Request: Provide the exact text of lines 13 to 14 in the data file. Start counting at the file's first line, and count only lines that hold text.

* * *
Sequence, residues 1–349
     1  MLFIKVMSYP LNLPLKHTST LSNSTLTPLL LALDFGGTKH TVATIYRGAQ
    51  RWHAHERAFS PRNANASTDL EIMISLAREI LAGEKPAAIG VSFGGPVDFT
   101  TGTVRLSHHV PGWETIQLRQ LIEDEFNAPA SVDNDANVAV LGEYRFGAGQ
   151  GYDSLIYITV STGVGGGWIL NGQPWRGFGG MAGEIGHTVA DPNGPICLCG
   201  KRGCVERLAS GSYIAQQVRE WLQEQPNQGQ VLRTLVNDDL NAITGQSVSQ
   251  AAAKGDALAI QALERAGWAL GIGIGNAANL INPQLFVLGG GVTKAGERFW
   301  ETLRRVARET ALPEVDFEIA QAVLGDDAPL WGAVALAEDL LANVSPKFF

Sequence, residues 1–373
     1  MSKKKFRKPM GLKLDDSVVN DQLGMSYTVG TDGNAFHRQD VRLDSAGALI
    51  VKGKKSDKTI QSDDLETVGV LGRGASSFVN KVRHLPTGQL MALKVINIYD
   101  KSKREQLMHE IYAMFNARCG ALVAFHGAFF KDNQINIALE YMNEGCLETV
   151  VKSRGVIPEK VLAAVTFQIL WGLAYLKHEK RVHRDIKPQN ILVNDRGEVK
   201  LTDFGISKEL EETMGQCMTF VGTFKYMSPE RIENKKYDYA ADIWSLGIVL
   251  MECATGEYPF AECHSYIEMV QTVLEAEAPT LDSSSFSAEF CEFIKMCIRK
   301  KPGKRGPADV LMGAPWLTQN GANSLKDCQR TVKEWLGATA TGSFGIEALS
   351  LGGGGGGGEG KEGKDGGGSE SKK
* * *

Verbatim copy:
   151  VKSRGVIPEK VLAAVTFQIL WGLAYLKHEK RVHRDIKPQN ILVNDRGEVK
   201  LTDFGISKEL EETMGQCMTF VGTFKYMSPE RIENKKYDYA ADIWSLGIVL